THURSDAY: Lukewarm sunshine, very nice. Wake up 53. High 77. Chance of precipitation 10%. Wind SE 3-8 mph.
Minneapolis Weather Almanac And Sun Data
*Length Of Day: 12 hours, 54 minutes, and 8 seconds
*Daylight LOST Since Yesterday: 3 minutes and 3 seconds
*When Do We Drop Below 12 Hours Of Sunlight? September 26th (11 hours, 58 minutes, 25 seconds)
*When Are Sunrises At/After 7:00 AM? September 23rd (7:01 AM)
*When Are Sunsets At/Before 7:00 PM? September 28th (6:59 PM)
This Day in Weather History
1985: An F1 tornado touches down in Faribault County causing $25,000 worth of damage, and hail up to 1 3/4 inches falls in Freeborn and Waseca Counties.
1968: 1 3/4 inch hail falls in Goodhue County.
1931: A record high is set in St. Cloud with a temperature of 102 degrees Fahrenheit.
National Weather Forecast
On Friday, a frontal boundary stretched across the eastern United States to the Gulf Coast will produce showers and storms - some of which could be heavy. Another system in the Northern Rockies and Northern Plains will produce storm activity there as well.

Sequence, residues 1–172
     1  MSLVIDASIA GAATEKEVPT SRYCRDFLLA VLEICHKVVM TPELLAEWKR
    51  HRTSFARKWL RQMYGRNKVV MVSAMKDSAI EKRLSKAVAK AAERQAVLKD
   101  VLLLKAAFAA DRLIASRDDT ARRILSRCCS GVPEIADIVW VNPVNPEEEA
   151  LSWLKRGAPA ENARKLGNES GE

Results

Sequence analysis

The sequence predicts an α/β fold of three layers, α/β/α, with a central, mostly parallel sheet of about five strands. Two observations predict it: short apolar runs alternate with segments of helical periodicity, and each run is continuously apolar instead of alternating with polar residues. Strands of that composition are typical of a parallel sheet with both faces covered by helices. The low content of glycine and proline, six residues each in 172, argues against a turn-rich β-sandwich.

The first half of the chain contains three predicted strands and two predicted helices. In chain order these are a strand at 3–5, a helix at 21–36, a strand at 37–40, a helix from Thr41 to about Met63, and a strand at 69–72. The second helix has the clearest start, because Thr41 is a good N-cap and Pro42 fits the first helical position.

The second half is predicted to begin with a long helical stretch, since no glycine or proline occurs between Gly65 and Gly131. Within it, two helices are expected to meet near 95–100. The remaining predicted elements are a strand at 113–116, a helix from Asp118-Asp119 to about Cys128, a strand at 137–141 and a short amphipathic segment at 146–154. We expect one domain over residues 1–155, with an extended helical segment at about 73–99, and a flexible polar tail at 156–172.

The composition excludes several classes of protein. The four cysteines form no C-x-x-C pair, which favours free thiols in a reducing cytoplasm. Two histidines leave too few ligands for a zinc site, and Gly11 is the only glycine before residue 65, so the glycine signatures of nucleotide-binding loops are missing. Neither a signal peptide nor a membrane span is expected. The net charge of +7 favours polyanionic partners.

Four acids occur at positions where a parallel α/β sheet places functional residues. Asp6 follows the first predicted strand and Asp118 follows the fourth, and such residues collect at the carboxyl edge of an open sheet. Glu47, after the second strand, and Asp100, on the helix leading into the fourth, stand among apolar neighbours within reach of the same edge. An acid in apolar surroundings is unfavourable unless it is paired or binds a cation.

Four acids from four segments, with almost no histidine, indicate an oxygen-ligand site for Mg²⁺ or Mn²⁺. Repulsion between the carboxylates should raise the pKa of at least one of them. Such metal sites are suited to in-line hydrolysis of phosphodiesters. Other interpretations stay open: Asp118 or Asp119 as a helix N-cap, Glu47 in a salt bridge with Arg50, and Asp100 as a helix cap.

Through Saturday, at least 1-2" of rain will be possible in the eastern United States with that frontal boundary in place. It also brings in cooler air, which many will probably enjoy - especially after Dulles Airport hit 100F for the first time in September history on Wednesday.
New Research Highlights Opportunities to Protect Carbon and Communities from Forest Fires
More from the USDA: "As the climate and wildfire crises have intensified, so too have concerns regarding the loss of carbon captured and stored in forests from decades to centuries of tree growth. A new study describes where to optimize ongoing wildfire mitigation efforts and reduce carbon loss due to wildfire, benefitting communities and climate at the same time. New research published in the journal Environmental Research Letters highlights widespread "opportunity hot spots" in the western United States for using proactive forest management, such as forest thinning, prescribed fire, and cultural burning, to reduce the risk of losing carbon to future wildfires."